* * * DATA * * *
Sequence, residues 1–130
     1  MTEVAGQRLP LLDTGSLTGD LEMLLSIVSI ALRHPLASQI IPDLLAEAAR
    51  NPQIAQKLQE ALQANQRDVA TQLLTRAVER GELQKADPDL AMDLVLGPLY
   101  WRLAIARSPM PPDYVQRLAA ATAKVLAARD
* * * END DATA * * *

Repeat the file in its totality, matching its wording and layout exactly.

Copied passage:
Sequence, residues 1–130
     1  MTEVAGQRLP LLDTGSLTGD LEMLLSIVSI ALRHPLASQI IPDLLAEAAR
    51  NPQIAQKLQE ALQANQRDVA TQLLTRAVER GELQKADPDL AMDLVLGPLY
   101  WRLAIARSPM PPDYVQRLAA ATAKVLAARD